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Sariah Perez, a seventeen-year-old senior at Patterson High School has been hard at work playing softball across the U.S. with her traveling softball team, the Valley Firecrackers.

Perez, along with her father Jimmy, have been collecting videos from softball matches in Arizona, New Mexico, Utah, Kansas, Nevada and Texas to edit together clips for highlight reels to send to coaches across the country. One of those videos, which was posted to Twitter, caught the attention of the coaching staff down at the University of Mary in North Dakota.

“She’s played in tournaments all over the Western part of the United States,” said her father, Jimmy Perez. “The coach [at University of Mary] caught wind of her through another coach and she started following her on Twitter and checked out her skills videos.”

After watching the highlight reel, the University of Mary coach reached out to Perez via email and the scholarship to play division two NCAA softball followed soon after.

Sariah talked about how much more difficult it has been to catch the attention of University coaches since the pandemic, but her hard work ethic and never give up attitude helped her to accomplish her goals of starting a life in softball outside of California.

“It was definitely harder to get coaches' attention,” said Sariah. “Not only because there weren't a lot of tournaments to play in but also because the coaches couldn’t go out and travel to recruit us. It was a challenge, but it was worth it.”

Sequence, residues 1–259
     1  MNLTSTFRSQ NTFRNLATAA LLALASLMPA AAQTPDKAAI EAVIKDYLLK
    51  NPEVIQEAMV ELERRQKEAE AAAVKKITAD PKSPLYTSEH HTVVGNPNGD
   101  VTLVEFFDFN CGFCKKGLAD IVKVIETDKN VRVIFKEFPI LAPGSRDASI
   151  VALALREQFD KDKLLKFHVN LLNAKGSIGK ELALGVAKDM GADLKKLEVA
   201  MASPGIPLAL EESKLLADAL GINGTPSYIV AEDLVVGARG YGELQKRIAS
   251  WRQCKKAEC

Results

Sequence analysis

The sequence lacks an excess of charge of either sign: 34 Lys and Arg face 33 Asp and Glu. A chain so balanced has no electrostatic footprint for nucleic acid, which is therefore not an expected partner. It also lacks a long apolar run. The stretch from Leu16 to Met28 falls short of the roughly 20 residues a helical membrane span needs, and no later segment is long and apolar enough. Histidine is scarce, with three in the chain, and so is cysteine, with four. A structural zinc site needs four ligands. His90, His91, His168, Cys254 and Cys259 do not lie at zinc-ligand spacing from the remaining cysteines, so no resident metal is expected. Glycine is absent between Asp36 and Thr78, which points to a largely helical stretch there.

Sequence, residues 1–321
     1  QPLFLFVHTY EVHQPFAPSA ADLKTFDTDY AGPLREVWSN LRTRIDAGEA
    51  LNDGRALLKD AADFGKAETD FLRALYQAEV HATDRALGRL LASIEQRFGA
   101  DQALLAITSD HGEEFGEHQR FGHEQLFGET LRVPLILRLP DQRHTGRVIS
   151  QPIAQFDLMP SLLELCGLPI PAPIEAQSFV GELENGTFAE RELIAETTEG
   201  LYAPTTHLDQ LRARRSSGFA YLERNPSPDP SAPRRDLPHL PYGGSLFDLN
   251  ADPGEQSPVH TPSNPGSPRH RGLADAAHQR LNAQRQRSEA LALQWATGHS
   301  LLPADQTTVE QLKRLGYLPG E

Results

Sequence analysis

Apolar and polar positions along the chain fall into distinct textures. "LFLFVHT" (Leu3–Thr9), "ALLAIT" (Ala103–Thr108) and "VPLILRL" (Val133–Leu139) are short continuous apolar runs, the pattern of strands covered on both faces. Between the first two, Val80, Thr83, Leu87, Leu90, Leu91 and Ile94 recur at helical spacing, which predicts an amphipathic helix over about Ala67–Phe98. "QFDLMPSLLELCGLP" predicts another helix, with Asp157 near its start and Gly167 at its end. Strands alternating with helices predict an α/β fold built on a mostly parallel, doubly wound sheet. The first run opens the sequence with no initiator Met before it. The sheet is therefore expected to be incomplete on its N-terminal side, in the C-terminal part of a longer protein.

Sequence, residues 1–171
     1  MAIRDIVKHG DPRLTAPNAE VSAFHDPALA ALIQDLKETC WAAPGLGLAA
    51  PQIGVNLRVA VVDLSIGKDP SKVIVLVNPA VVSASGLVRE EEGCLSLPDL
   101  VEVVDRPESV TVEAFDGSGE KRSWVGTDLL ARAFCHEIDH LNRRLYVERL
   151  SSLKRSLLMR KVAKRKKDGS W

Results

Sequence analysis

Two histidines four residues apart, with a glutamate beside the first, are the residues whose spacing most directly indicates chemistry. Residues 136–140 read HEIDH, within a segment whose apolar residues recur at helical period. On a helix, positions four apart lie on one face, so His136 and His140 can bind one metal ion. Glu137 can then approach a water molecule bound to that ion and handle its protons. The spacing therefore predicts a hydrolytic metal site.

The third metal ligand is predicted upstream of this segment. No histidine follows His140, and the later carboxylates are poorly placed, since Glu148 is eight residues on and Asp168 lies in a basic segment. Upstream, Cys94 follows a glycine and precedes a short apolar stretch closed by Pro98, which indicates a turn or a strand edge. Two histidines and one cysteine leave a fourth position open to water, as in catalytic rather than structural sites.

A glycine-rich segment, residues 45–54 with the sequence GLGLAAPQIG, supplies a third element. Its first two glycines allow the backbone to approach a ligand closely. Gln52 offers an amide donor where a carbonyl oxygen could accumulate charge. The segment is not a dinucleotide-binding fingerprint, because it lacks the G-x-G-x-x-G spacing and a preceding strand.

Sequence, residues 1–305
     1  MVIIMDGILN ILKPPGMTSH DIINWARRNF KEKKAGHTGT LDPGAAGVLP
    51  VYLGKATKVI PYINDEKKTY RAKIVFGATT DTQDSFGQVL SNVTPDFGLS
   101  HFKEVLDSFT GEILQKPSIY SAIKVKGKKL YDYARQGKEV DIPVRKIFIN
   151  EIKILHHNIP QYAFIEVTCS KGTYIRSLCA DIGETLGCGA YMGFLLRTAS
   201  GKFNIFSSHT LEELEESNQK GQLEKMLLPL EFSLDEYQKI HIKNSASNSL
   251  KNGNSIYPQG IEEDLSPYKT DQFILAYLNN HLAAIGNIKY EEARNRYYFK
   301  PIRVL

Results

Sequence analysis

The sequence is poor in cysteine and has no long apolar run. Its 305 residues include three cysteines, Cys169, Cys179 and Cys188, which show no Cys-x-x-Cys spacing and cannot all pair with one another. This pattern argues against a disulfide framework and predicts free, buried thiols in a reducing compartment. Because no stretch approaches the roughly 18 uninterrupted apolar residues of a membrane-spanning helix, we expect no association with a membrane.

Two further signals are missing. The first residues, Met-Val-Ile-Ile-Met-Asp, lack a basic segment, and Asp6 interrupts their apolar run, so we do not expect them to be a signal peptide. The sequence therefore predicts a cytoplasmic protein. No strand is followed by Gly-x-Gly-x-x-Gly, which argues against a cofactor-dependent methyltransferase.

Sariah has been playing softball since she was ten years old and since then she has known that she wanted to go to college to play as well. The University of Mary was on her radar as one of the top programs she wanted to land in and after a tour of the facilities, she felt right at home.

“[The University of Mary] is a really, really good opportunity,” said Sariah. “I knew I didn't want to go to school in California. I knew I wanted to start my life outside of California after college and when I went to go visit their facilities, they were amazing. The coaches were very nice, and we were very like-minded. It felt like home. I knew that's where I wanted to be.”

After winning the Central California Conference title at the end of her Sophomore year at PHS, Sariah was saddened that she wouldn’t be able to follow that up her Junior year with the Pandemic worsening. However, she is hopeful that she will get the chance to play in a shortened season her Senior year at PHS and offers this advice to any students with dreams of their own.

“I’ll give you a quote my dad always tells me and that's what’s kept me going throughout the year. Don’t let your highs be too high and your lows be too low,” said Sariah. “That’s really important to me because when you have bad weeks and bad months, you gotta just keep grinding and keep pushing.”

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